As director Scott Derrickson regularly pointed out prior to the film's release, Doctor Strange had a very specific influence in the road to its creation. While Marvel has been publishing Doctor Strange comics for decades, it was the initial issues by Stan Lee and Steve Ditko that primarily inspired both the look and the narrative when it came to the blockbuster. Looking to the future, you might think that this approach could change with new stories -- having sequels find ideas from other eras -- but if it's up to Derrickson, this won't be the case. He believes not only that the greatest material was the work done in the 1960s, but also that the best later examples of Strange stories in Marvel Comics were successful because of how they also themselves expanded on early ideas.

I recently had the pleasure of chatting with Scott Derrickson about Doctor Strange's future on the big screen, and within that arena one subject I touched upon was the material that motivated his first Marvel Studios movie. Noting that the Stan Lee/Steve Ditko comics were so well represented in Doctor Strange, I asked him if he might look to other eras should he get the call to come back and helm Doctor Strange 2. Within his explanation, he noted what drew him to the 1960s stories in the first place, and why he feels that there is still a lot more to explore:

I think even more than any future iterations of the comic, that those early '60s comics and late '60s comics were the ones that were the most visually ambitious and the most ideologically ambitious when it comes to the other dimensions. You know, they just explored such odd places. There's hit and miss comics all through the decades that followed for me, and I really did my homework! I read through the Doctor Strange lexicon, which is, I don't know, it was an obscene number of comics. But most of them are either spinning off into tangents that are just too weird and too unrelated to the character, or they're drawing back into those '60s comics and building upon them in really creative ways. I think that's the way Doctor Strange will probably remain. That's my guess.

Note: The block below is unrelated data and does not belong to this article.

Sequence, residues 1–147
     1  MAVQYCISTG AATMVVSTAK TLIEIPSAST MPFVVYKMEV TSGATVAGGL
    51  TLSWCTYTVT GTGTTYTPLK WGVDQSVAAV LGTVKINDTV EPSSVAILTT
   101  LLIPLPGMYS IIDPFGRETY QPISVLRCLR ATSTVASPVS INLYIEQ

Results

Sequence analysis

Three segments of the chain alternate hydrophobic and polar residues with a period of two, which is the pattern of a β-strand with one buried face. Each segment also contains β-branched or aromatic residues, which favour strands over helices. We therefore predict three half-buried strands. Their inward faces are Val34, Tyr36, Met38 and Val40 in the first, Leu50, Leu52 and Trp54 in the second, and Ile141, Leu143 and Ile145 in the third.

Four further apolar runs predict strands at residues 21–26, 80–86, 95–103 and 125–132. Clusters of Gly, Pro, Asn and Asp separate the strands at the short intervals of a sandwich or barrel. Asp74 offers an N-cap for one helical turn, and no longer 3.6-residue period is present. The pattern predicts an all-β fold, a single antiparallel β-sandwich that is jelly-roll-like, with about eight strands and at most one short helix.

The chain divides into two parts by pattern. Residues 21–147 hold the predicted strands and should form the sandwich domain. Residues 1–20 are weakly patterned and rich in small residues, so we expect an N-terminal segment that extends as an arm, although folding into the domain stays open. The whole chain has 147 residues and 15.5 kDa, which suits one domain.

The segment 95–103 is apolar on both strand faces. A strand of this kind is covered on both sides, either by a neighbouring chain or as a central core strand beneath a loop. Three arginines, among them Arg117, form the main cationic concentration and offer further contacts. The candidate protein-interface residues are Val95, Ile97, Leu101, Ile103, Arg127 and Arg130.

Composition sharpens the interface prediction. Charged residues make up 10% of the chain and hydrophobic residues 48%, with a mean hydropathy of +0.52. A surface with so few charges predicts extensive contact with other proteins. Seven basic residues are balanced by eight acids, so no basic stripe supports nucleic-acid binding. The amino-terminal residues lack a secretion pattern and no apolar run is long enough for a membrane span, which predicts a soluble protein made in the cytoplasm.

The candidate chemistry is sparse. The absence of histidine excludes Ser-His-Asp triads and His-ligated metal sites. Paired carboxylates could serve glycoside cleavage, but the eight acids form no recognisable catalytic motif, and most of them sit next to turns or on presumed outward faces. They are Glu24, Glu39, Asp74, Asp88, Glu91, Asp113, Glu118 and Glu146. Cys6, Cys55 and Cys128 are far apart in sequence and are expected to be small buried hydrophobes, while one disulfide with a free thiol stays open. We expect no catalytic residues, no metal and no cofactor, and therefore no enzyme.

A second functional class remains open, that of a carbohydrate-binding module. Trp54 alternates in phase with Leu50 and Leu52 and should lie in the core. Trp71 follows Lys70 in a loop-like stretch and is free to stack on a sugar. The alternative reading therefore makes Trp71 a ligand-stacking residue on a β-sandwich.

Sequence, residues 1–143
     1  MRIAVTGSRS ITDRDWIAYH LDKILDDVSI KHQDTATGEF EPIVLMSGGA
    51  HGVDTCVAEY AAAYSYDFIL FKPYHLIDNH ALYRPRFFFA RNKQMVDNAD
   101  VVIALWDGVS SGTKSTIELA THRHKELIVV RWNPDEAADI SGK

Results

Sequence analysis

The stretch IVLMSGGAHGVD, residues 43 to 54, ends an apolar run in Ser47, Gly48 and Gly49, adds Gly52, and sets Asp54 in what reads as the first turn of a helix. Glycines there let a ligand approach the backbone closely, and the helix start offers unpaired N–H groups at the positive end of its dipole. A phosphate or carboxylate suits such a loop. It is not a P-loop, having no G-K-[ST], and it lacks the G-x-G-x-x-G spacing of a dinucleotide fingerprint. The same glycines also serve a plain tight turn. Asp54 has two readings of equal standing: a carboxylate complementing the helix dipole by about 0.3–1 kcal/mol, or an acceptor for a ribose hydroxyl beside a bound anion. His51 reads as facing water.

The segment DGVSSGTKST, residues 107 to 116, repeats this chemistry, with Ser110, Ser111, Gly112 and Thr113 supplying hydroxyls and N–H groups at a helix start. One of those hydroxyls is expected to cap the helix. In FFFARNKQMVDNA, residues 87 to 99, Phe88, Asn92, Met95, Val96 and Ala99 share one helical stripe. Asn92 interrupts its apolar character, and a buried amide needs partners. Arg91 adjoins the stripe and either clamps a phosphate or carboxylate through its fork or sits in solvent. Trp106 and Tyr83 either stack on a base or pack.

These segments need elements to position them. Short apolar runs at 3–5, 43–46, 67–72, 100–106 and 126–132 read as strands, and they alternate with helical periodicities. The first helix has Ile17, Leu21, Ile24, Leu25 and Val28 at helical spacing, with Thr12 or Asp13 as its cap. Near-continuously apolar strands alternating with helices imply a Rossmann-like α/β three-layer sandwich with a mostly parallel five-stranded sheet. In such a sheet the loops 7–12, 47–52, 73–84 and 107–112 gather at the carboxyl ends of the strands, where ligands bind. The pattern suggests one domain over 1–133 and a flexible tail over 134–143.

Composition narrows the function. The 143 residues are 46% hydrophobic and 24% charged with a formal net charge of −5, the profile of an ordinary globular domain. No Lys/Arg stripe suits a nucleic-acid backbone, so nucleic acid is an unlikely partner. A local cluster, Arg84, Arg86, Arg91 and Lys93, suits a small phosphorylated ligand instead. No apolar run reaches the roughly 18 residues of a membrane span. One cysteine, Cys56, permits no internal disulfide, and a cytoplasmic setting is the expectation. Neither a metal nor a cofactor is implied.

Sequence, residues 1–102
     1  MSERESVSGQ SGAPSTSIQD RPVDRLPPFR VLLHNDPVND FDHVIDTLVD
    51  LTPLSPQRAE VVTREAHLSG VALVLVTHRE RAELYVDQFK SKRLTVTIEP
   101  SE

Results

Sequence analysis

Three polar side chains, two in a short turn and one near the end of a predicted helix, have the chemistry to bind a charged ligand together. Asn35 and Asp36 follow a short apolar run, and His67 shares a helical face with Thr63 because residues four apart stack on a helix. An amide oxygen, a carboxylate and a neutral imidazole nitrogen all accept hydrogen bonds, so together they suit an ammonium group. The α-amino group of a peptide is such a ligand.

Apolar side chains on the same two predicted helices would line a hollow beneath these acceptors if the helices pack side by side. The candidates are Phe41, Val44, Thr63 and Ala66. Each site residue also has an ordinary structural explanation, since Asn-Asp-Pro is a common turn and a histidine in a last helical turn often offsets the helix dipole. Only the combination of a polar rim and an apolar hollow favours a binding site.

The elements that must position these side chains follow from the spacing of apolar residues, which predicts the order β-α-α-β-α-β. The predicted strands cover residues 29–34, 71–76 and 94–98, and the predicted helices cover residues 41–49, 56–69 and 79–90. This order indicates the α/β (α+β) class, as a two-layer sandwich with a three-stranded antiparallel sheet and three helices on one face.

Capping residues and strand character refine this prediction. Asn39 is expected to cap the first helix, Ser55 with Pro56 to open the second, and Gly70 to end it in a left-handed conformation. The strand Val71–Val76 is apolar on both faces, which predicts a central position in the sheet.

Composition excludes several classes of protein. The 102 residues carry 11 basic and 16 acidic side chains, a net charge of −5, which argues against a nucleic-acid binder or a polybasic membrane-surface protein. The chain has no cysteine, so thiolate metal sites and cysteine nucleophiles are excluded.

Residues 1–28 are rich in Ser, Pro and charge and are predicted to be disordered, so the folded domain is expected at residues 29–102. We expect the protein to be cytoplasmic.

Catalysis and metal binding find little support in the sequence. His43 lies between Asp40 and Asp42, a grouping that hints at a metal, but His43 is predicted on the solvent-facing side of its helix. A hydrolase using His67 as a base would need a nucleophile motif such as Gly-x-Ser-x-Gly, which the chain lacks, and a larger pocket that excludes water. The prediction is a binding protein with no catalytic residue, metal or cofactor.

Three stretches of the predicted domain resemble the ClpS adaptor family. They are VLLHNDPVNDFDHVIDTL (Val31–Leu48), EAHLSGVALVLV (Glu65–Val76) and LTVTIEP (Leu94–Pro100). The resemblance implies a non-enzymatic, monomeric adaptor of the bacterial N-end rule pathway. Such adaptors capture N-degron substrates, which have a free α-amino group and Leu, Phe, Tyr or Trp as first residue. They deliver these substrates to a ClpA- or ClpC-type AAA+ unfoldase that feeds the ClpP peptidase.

It's not as though the first Doctor Strange movie completely exhausted the 1960s comics either. In fact, when you go back and read the earliest stories, you realize that the film pretty much only adapts material from a total of three or four issues (and they were actually only half issues because the Sorcerer Supreme split the "Strange Tales" magazine with solo adventures of the Fantastic Four's Human Torch). Not only are there thousands more stunning Steve Ditko drawings that can inspire the visual effects artists and production designers, but also a tremendous number of great Stan Lee-created characters and stories that are just waiting to be brought to the big screen.

Doctor Strange using the Time Stone

Of course, it should be noted that the future of Doctor Strange as a series is unclear at the moment. Because Marvel Studios is focused on their Phase 3 developments right now -- which include eight movies coming out in the next three years -- the company has yet to say anything official about a Doctor Strange 2. That being said, the 2016 film was Marvel's most successful solo character launch since Iron Man in 2008, so there is very little chance that we don't see a sequel as part of what will become known as Phase 4.

For those hungry for more Doctor Strange, the good news is that the film is currently available on digital platforms, and will be arriving on Blu-ray and DVD next Tuesday, February 28th. Stay tuned for more details on that front, and hit the comments section below to tell us if you think Scott Derrickson is right about the continued influence of the 1960s comics.

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